For more information or to nominate a staff member for the award, visit the Human Resources website and scroll down to Cardinal Achievement Award under “Forms.”

Recipients will continue to be recognized in The Wesleyan Connection.

 

Campus Buildings Receive Summer Renovations, Repairs

Wesleyan's Physical Plant-Facilities staff has been busy this summer with several construction projects. The Public Affairs Center's restoration includes exterior carpentry repairs, gutter repairs, minor roofing repairs and chimney repointing. Painters also removed lead paint from the roof balustrade. The perimeter balustrade, soffits and metal railings around the building were prepped and painted. Inside, several classrooms received refinished tables, new seating and millwork. Next summer, the PAC's patio and stairs will be repaired.

Contractors repaired the PAC's chimney, applied liquid waterproofing material, and repaired the slate shingle roof.

Sweet, Velazquez, Holman Lead Small Army in Prepping Student Housing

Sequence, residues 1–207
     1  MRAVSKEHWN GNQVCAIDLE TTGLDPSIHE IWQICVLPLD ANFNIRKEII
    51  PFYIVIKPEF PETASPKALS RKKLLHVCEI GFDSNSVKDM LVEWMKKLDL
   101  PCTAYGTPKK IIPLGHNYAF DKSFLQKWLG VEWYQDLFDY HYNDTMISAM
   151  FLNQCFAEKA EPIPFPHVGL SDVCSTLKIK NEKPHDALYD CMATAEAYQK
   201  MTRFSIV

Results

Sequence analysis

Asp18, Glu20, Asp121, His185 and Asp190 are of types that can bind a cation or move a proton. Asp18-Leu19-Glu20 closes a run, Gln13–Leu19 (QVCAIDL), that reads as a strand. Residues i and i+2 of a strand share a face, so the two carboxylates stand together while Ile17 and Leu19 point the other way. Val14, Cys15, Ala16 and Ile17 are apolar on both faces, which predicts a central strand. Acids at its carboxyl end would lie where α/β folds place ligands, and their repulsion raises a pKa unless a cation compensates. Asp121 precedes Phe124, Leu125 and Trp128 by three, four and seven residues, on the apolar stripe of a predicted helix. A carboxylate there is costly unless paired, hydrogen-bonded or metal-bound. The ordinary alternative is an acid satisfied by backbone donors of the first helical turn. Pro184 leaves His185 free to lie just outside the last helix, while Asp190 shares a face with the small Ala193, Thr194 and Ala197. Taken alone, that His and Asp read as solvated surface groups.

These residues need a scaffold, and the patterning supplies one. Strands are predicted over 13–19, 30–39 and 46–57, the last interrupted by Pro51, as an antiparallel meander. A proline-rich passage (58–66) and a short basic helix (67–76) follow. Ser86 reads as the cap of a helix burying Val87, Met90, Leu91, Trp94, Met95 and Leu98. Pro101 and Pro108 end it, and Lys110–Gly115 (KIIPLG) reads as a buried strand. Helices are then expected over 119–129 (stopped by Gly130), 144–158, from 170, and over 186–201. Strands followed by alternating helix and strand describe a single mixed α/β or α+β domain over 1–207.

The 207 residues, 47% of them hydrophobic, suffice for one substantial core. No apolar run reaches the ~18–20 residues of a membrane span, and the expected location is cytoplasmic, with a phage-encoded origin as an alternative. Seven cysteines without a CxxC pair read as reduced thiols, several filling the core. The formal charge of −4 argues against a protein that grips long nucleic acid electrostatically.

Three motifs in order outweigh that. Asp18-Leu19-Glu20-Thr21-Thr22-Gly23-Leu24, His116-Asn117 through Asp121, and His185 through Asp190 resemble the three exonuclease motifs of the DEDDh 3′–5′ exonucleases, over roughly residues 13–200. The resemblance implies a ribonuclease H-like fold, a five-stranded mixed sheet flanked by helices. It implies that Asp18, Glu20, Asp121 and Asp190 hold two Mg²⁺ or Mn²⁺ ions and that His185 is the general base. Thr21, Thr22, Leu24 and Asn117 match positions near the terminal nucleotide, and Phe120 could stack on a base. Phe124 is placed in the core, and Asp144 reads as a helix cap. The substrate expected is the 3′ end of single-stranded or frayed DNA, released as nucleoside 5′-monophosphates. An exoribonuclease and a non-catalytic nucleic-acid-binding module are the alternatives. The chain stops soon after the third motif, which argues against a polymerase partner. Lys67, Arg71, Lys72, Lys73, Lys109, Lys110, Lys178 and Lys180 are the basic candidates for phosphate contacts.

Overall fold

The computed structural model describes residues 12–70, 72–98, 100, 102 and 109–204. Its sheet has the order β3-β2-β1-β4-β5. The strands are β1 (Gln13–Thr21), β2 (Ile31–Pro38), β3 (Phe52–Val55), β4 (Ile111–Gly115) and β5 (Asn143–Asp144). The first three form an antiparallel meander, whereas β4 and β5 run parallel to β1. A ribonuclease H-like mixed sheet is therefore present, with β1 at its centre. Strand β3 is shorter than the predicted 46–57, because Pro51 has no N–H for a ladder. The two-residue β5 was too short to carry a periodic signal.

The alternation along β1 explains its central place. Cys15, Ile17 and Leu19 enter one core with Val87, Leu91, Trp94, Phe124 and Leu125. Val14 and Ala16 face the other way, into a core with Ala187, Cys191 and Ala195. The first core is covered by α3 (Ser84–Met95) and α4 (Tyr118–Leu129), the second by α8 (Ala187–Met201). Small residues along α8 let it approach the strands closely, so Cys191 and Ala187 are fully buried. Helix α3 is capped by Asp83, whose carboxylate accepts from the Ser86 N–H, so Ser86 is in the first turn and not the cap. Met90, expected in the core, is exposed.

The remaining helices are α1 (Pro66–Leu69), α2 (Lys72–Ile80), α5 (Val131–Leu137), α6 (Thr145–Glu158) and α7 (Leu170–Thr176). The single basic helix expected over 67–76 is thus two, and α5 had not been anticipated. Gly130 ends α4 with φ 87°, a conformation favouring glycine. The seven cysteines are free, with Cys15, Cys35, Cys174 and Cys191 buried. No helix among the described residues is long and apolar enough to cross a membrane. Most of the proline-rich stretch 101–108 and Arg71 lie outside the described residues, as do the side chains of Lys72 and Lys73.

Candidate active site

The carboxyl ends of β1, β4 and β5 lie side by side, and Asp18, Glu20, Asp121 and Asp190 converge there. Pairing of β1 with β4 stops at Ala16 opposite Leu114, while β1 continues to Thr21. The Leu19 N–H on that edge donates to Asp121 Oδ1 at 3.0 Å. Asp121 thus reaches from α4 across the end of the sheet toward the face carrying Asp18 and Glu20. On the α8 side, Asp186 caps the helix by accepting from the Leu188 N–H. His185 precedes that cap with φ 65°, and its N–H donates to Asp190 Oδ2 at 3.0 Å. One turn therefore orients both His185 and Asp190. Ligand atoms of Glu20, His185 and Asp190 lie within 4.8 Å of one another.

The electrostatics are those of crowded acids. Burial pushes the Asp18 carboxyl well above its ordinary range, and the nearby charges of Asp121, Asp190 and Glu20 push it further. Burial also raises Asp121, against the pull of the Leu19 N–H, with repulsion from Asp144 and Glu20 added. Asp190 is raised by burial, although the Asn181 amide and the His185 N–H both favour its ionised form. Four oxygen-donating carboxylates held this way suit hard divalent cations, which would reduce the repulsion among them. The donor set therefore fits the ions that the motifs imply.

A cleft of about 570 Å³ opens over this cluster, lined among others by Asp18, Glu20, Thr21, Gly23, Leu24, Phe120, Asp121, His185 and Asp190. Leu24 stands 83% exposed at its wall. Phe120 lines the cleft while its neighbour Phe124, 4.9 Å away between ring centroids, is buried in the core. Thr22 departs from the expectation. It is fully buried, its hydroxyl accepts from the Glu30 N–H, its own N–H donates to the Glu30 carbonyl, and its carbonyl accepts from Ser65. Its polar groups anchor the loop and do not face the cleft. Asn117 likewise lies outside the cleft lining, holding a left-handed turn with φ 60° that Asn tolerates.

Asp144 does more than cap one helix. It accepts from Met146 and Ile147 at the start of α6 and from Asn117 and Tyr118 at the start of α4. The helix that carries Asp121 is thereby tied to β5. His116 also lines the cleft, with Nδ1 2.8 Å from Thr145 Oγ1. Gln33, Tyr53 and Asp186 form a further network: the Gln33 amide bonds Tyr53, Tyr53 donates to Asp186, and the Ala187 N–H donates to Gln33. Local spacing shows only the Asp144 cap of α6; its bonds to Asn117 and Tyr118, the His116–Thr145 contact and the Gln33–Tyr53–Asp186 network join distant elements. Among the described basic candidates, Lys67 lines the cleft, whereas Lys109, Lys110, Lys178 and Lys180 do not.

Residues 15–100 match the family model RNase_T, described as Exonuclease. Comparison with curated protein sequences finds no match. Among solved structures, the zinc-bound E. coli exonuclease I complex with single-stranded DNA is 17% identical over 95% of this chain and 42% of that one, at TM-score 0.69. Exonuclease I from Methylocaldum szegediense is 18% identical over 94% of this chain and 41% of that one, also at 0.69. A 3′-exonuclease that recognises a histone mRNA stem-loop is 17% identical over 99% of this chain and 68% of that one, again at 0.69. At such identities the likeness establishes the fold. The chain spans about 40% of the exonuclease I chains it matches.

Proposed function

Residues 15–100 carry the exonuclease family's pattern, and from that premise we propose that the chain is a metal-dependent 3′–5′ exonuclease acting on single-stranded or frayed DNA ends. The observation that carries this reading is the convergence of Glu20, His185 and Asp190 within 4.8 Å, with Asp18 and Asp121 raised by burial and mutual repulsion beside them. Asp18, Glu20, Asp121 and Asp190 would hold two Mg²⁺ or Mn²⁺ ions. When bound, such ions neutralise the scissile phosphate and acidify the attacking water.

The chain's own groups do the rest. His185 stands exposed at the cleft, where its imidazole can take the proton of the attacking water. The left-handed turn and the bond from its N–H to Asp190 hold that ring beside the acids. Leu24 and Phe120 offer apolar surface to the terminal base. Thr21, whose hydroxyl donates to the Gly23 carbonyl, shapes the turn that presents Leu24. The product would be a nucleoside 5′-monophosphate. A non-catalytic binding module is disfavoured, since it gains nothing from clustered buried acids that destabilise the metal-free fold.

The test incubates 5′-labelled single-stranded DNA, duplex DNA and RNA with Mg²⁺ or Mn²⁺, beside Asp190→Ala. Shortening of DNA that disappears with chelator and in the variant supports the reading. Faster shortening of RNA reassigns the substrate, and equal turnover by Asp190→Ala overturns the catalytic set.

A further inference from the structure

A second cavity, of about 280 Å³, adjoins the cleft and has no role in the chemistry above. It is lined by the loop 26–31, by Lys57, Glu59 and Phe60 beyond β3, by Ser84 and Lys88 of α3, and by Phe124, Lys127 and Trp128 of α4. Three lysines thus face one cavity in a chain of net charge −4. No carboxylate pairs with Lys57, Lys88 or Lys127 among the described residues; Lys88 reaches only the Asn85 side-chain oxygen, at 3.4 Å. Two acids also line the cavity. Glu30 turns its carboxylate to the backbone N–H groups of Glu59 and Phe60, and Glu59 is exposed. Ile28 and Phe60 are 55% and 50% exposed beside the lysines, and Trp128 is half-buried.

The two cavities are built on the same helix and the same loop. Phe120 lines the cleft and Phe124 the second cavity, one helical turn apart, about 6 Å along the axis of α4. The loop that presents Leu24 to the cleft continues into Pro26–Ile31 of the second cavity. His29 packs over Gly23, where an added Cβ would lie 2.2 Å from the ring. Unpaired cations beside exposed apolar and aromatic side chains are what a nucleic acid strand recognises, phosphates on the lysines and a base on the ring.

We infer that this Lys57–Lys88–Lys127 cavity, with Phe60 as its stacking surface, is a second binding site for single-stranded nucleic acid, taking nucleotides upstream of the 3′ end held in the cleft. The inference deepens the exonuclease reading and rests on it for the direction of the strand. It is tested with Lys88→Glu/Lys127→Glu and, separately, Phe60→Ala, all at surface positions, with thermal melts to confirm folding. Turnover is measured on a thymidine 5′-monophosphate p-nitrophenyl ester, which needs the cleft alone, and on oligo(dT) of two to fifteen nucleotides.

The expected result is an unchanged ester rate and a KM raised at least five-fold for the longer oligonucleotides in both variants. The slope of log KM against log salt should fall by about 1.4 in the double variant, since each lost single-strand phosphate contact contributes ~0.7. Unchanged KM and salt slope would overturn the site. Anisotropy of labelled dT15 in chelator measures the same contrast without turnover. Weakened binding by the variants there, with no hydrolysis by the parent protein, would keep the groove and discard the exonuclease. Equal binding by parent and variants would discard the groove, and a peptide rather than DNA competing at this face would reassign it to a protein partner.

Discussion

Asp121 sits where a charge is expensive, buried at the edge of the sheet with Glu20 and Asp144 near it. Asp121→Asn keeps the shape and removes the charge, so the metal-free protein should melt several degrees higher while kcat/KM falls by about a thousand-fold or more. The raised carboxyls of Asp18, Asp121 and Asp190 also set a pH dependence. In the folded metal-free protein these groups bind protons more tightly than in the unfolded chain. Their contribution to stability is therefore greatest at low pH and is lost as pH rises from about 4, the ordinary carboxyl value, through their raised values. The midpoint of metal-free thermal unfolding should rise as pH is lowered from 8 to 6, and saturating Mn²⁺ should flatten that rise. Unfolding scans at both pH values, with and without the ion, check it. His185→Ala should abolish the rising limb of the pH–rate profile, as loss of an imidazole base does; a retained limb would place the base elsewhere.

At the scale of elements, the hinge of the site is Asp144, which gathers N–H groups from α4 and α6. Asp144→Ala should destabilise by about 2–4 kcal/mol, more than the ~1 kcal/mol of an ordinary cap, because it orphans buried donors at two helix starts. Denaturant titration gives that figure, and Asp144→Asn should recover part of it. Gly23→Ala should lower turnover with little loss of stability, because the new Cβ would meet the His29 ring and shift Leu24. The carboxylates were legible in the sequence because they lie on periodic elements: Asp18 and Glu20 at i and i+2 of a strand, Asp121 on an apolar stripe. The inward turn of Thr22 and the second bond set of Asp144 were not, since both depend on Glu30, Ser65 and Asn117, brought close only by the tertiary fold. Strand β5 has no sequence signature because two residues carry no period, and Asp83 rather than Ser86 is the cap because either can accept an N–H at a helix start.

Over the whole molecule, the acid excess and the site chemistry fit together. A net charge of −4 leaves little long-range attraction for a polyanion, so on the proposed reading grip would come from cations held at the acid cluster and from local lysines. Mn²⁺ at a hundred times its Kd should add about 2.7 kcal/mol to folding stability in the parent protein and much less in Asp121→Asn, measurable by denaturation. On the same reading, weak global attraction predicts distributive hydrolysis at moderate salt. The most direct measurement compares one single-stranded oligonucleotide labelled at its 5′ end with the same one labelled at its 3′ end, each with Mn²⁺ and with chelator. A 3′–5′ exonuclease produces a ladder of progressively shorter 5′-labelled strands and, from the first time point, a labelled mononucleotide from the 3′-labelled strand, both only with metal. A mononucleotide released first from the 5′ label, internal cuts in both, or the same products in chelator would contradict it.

Facilities managers Deborah Holman, Mario Velazquez and Jeff Sweet oversee Wesleyan's summer maintenance program. They have about 60 days to clean, paint, inspect and repair all rooms in Wesleyan's 225 residences.

Facilities managers Jeff Sweet, Mario Velazquez and Deborah Holman began the summer of 2011 staring down the number 2,863.

That’s the total number of beds in Wesleyan’s undergraduate housing pool – somewhat greater than the number of bedrooms in the university’s 225 residences.

In an annual rite known as the summer maintenance program, Sweet, Velazquez and Holman oversee the inspection, basic repair and cleaning of each and every room in Wesleyan’s varied housing stock, from the aptly named High Rise to the stately Eclectic Society to the multitudinous wood-frame houses.

The project amounts to a carefully choreographed dash toward the end of August – the fast approaching moment when new students arrive en mass. (Most returning students arrive in September.)

“There’s a method to our madness,” says Sweet, who joined the physical plant as a purchasing agent in 1986 and has been a facilities manager since the early 1990s.

All told, the facilities managers and their crews have about 60 days for testing thousands of lights, locks, latches, knobs, windows and appliances – and repairing them asnecessary. Painters and cleaning crews follow closely behind.